Today is World Bipolar Day, so it’s an excellent time to highlight the condition and raise awareness. The date was selected because it’s Vincent Van Gogh’s birthday and he is believed to have suffered with bipolar. Bipolar disorder was previously called manic depression and there is no distinction between the two: they are the same mental illness.
What is bipolar disorder?
Bipolar disorder is characterised by episodes of mania and depression. Each episode has its own set of symptoms. During manic episodes, people with bipolar may feel “high” and very productive. They can feel full of energy and inspiration, which can lead to impulsive behaviours like overspending. Other symptoms of mania include not sleeping or eating and becoming irritated very quickly.
During episodes of depression, people with bipolar may feel lethargic, unmotivated and very low. Other symptoms of depression include disturbed sleep, an increase or decrease in appetite and withdrawing from other people. It is common for people with bipolar to be diagnosed with depression initially, as episodes of mania may not manifest for a long period of time — even years.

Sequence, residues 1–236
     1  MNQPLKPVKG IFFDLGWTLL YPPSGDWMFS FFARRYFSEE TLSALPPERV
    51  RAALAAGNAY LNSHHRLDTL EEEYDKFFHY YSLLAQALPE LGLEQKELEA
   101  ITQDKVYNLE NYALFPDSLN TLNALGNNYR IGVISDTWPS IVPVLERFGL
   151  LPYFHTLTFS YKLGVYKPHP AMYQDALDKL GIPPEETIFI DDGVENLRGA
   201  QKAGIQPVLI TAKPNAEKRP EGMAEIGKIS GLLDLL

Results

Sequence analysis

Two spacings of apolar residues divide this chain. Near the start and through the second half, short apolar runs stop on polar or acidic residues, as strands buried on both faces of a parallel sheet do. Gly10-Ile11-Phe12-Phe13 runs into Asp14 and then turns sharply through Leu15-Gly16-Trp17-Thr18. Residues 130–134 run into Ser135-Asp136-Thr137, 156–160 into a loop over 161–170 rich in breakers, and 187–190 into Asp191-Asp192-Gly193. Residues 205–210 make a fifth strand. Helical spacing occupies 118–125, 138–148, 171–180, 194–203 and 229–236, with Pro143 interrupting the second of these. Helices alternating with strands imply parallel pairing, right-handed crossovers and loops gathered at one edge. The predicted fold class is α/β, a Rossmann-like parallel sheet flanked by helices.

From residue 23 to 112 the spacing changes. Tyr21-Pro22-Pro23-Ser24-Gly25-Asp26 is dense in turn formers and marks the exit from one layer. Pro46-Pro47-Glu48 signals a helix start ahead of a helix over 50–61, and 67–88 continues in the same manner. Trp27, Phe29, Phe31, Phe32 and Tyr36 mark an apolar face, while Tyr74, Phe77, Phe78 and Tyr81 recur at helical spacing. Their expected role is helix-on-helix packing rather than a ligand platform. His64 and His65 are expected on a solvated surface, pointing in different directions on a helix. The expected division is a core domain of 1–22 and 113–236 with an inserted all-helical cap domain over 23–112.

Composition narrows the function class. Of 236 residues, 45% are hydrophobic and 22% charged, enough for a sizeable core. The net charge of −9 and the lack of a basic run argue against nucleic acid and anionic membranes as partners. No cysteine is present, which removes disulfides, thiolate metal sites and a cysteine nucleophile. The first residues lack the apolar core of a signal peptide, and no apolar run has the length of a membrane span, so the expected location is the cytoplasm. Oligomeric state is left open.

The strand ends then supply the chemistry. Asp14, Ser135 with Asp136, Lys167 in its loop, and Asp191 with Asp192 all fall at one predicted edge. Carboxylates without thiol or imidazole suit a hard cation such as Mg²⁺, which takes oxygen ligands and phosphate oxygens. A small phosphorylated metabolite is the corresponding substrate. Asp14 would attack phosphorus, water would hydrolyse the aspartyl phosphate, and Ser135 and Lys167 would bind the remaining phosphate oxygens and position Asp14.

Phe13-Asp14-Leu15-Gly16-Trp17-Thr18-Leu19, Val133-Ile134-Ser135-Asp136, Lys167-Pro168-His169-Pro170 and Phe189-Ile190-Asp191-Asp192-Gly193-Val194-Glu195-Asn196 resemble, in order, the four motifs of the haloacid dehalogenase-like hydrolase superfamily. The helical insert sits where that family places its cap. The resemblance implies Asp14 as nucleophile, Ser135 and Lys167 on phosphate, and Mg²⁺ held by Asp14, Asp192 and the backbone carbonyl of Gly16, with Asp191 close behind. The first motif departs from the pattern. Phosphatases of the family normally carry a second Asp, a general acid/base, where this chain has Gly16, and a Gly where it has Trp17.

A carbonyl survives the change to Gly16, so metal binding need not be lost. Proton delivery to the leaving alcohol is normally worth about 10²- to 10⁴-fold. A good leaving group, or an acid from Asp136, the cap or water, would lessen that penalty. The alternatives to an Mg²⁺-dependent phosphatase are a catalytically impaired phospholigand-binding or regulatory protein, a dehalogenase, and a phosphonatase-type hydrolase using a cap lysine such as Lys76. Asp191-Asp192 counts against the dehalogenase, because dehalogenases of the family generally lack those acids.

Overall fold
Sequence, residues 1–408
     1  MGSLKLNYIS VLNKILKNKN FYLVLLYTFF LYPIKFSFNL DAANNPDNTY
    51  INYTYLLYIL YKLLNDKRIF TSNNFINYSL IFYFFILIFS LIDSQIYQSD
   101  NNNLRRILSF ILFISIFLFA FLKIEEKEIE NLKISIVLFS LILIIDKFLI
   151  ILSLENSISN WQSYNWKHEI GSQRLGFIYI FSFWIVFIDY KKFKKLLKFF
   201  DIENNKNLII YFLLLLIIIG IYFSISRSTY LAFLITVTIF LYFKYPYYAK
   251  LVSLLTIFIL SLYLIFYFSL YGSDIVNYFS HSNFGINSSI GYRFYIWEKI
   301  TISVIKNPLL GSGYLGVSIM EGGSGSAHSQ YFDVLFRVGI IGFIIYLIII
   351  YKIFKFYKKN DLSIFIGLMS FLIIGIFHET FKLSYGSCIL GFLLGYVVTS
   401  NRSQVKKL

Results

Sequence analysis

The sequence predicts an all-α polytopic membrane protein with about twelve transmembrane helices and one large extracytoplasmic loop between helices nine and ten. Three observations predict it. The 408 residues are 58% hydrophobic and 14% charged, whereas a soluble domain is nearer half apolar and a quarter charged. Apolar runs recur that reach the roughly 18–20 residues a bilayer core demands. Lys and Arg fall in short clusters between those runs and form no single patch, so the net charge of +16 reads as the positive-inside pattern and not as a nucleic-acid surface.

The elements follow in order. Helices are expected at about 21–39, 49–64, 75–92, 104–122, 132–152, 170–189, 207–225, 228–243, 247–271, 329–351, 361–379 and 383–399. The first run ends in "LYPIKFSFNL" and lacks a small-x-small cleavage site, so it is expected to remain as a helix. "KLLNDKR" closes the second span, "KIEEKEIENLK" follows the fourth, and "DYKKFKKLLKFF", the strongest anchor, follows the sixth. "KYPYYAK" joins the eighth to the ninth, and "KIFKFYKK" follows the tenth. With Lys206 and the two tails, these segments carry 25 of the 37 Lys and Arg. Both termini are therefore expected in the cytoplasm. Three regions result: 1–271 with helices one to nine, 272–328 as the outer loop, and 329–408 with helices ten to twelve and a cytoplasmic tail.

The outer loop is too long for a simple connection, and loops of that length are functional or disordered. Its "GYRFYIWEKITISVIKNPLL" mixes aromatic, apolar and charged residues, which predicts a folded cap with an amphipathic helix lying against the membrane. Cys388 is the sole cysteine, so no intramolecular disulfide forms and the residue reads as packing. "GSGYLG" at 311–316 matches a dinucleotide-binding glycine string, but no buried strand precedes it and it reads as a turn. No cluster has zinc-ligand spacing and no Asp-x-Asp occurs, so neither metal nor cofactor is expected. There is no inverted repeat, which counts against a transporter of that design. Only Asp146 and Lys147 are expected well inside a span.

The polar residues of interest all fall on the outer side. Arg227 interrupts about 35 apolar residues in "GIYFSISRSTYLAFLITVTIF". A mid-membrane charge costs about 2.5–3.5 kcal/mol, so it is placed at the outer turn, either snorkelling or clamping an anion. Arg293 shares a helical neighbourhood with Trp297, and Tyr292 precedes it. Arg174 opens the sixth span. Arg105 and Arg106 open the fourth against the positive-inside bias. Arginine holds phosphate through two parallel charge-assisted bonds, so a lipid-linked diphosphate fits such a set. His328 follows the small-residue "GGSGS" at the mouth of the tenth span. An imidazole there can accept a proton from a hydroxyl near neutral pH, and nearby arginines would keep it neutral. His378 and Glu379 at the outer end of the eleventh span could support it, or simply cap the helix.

What treatments are available?
As with any mental illness, there are a range of treatments and strategies which can help to manage bipolar. These include medication, including mood stabilisers and antidepressants, and talking therapies. Lifestyle changes, such as regular exercise, a healthy diet and developing good sleep hygiene, can also be very effective.
Where can people get help and information?
Your GP can help you to access various forms of treatment and provide advice. However, there are some very useful online resources:
The NHS website provides information on bipolar disorder and treatment options.
Bipolar UK has a wealth of information relating to different aspects of bipolar. It also has an online eCommunity and a support line offering advice and information.
Time to Change has blogs and personal stories on bipolar, which are not only informative, but can help people with bipolar to feel less isolated.